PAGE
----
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Good logos are similar to business cards: they tell customers who you are as a company and what value you provide. After one glance at your logo, consumers make snap judgments about your ability to provide the goods and services they need. That means you've got to make them see your brand's potential right away. Each company has its own unique selling points and "personality," so it's best to start by choosing the most important traits for your brand. For instance, you may be trying to send super professional vibes, or you might want to show off your wild and wacky side. To determine your company's core personality, it's a good idea to brainstorm terms related to its culture, products, and industry—literally anything you can think of. You can then use a word cloud generator to turn that messy list into a cool visual representation that will help you identify your brand's best attributes. From there, your designer can create a logo that conveys your company's personality.

c. Choose a Design Type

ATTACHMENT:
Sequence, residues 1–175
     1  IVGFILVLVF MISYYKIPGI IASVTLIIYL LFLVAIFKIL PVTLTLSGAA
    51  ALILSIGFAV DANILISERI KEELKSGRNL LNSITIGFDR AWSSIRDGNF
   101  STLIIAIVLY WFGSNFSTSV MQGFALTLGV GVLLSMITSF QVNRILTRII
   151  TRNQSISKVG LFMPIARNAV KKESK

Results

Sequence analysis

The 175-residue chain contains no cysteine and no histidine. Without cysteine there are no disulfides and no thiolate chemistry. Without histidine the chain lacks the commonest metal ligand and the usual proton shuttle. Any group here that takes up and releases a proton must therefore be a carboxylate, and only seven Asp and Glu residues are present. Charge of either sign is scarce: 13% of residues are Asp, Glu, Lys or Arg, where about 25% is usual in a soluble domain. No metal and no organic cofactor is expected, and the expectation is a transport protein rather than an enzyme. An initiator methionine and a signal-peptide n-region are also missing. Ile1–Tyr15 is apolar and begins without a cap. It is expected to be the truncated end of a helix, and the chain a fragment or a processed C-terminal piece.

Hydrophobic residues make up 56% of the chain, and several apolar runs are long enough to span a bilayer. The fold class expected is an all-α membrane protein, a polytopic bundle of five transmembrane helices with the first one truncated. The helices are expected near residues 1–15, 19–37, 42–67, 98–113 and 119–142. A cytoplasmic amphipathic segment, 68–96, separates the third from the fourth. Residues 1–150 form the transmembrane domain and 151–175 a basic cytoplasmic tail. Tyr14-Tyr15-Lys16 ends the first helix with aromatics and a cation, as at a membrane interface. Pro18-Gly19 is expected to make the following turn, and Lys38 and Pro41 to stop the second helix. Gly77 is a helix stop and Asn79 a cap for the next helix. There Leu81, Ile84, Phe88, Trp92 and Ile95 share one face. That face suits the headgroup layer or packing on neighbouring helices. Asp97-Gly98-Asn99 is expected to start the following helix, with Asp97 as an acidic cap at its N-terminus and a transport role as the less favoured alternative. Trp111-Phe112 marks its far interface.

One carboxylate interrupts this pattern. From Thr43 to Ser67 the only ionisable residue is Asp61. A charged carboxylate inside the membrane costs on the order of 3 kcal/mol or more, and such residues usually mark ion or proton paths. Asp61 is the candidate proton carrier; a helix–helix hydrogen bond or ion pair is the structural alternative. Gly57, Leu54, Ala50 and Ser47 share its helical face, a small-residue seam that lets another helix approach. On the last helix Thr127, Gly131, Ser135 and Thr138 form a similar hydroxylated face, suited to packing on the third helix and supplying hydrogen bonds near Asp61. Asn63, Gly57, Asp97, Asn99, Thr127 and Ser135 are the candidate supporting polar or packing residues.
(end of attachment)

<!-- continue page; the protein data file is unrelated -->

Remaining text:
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There are four main types of logo: wordmark, lettermark, brandmark, and iconic. While most people have a "favorite," it’s important to realize that not every logo is equally suitable for your company—even if it happens to be your favorite. Your choice should depend on the brand message you need to convey. Wordmark Wordmarks rely on typographic expression, meaning your new logo will state your brand's name loud and clear. It's a great choice for startups that have yet to gain name recognition in the marketplace. Companies with wordmark logos include legends like Disney, Coca-Cola, and Google. Lettermark Instead of a full name, lettermarks use the company's initials. CNN, HBO and VISA all used this strategy to make up for their cumbersome names (VISA stands for Visa International Service Association, which sounds way less sexy). This style works well for brands with long names, as long as you don't mind clients calling your company by its "nickname." Brandmark Brandmarks are all about symbolic representation: Twitter’s blue bird, Apple’s bitten apple, Nike’s famous swoosh. These logos are great for international markets, since they represent a company's products regardless of language barriers. And they're much easier to recognize at a glance than word- or lettermarks. Iconic Iconic logos combine brandmarks with another variety for unrestricted creativity. You can mix a symbol with your brand's name, like Adidas and YouTube, or merge a brandmark with a lettermark, like NBC or the NFL. This style is highly effective, because it gives you room to grow. You can alter the image, change the font, or even drop the brand name altogether if you hit the big time in a few years.